Arthritis and Inflammatory Bowel Disease

Arthritis Affects an Estimated 25% of IBD Patients

Inflammatory bowel disease (IBD) is associated with several other conditions, including the liver disorder primary sclerosing cholangitis, fissures, fistulas, and arthritis. Arthritis is the most common extraintestinal complication, affecting an estimated 25 percent of all IBD patients. The two most common forms of arthritis experienced by IBD patients are peripheral arthritis and axial arthritis.

Woman sitting on the grass rubbing her ankle
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Because arthritis is so common, it's important for people with IBD to pay attention to aches and pains. While a certain amount of pain is going to be typical, it should still be brought up at appointments with your physicians. Keeping joints as healthy as possible and avoiding activities that do damage, as well as staying on top of any problems if they crop up, is vital. If pain becomes bothersome, it should be talked over with a gastroenterologist or a rheumatologist before starting any pain medications, because people with IBD may need to avoid certain types of drugs (mainly NSAIDs, see discussion below).

Peripheral Arthritis

Peripheral arthritis is most common in people with ulcerative colitis or Crohn's disease of the colon. Of the different types of arthritis that affect people with IBD, it's estimated that 60% to 70% are affected by peripheral arthritis. Typically, the course of the arthritis follows that of the IBD, with flare-ups and remission coinciding.

There is no single test that can diagnose peripheral arthritis. Instead, several tests, such as blood tests, joint fluid analysis, and x-rays, are used to exclude other conditions that could be causing the symptoms.

Symptoms of peripheral arthritis include:

  • Joint pain
  • Swelling of the joints
  • Stiffness in one or more joints
  • Symptoms that migrate between joints

Peripheral arthritis tends to affect the elbow, wrist, knee, and ankle. When pain from peripheral arthritis is left untreated, it may last from several days to weeks; however, permanent damage to the joints is not usually found.

Treating peripheral arthritis often involves resting painful joints along with splints and occasional moist heat. Exercises prescribed by a physical therapist are used to improve range of motion. Non-steroidal anti-inflammatory drugs (NSAIDs) are sometimes used to decrease the redness, swelling, and pain of inflamed joints -- but NSAIDs may aggravate the symptoms of IBD.

Another method of treating this form of arthritis is to gain control over the inflammation in the colon due to IBD. The arthritis symptoms will usually lessen when the IBD is quiescent, and several drugs used to treat IBD may also be helpful for peripheral arthritis. IBD patients being treated with prednisone often get a bonus side effect of relief from joint pain. Patients receiving anti-tumor necrosis factor-alpha (anti-TNF) drugs, such as Remicade (infliximab) or Humira (adalimumab), to treat their IBD may also experience improvement in arthritis symptoms. Azulfidine (sulfasalazine), a 5-Aminosalicylate drug that has long been used to treat IBD, may also provide symptom relief although there is not much evidence to support its use. Another drug that is prescribed to treat IBD, methotrexate, may also be an effective treatment for peripheral arthritis.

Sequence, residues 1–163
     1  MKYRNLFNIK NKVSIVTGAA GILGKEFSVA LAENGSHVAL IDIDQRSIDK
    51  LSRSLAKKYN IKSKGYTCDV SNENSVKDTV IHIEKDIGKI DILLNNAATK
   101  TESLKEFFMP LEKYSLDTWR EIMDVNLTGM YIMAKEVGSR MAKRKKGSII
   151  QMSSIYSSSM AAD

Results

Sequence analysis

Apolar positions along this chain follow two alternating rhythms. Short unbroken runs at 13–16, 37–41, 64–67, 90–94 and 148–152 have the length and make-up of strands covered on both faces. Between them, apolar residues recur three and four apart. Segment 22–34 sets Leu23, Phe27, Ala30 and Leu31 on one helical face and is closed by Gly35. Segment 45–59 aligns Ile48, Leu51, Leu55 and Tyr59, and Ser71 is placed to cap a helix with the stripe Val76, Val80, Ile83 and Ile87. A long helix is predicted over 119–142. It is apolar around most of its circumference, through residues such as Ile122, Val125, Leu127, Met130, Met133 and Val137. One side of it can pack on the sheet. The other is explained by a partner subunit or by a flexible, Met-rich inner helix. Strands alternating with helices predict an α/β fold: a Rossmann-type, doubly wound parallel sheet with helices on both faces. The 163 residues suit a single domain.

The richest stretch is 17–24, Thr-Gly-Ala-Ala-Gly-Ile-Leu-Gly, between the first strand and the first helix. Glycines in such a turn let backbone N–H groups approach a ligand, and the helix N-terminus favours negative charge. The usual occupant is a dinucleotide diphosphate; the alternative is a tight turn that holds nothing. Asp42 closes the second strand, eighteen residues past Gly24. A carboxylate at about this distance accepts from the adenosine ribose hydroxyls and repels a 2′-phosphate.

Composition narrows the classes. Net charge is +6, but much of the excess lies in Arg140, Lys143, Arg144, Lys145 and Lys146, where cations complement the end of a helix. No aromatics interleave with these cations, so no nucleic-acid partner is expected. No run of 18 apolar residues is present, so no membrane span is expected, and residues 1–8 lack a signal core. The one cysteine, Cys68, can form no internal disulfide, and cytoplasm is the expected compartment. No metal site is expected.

Axial Arthritis (Spondyloarthropathy)

In cases of axial arthritis, symptoms could appear months or years before the onset of IBD. Symptoms include pain and stiffness in the joints of the spinal column that is at its worst in the morning but will improve with physical activity. Active axial arthritis typically affects younger people and rarely continues in patients who are over 40.

Axial arthritis can lead to fusion of the bones of the vertebral column. This permanent complication can lead to a decrease in range of motion in the back and a limitation of rib motion that impairs the ability to take deep breaths.

The goal of treatment for axial arthritis is to maximize the range of motion of the spine. Physical therapy, using postural and stretching exercises and the application of moist heat to the back, are two common forms of treatment. Some patients benefit from treatment with NSAIDs.

Treating the IBD usually has no effect on this type of arthritis; however, anti-TNF medications and Azulfidine may be of some benefit in reducing symptoms.

Ankylosing Spondylitis

Ankylosing spondylitis (AS) is a form of arthritis where the joints in the spine and the pelvis become inflamed. AS tends to affect those who have Crohn's disease more often than those who have ulcerative colitis, and men more often than women. AS is considered rare because it only affects an estimated 1% to 6% of those with IBD. There could also be a genetic component to AS, but what causes this form of arthritis is still unknown.

The onset of AS is usually accompanied by a loss of flexibility in the lower spine. Treatment includes pain management and rehabilitation to maintain spine flexibility. Remicade and Humira are approved for the treatment of both IBD and AS, and may be effective in treating both conditions at the same time. Azulfidine may be helpful in reducing symptoms, especially morning stiffness. Some studies have shown methotrexate to be helpful for AS, while others show no benefit; methotrexate is often used to treat AS in combination with other drugs. However, even with therapy, some people with AS are still symptomatic, and the bones of the spine may fuse together.

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By Amber J. Tresca
Amber J. Tresca is a freelance writer and speaker who covers digestive conditions, including IBD. She was diagnosed with ulcerative colitis at age 16.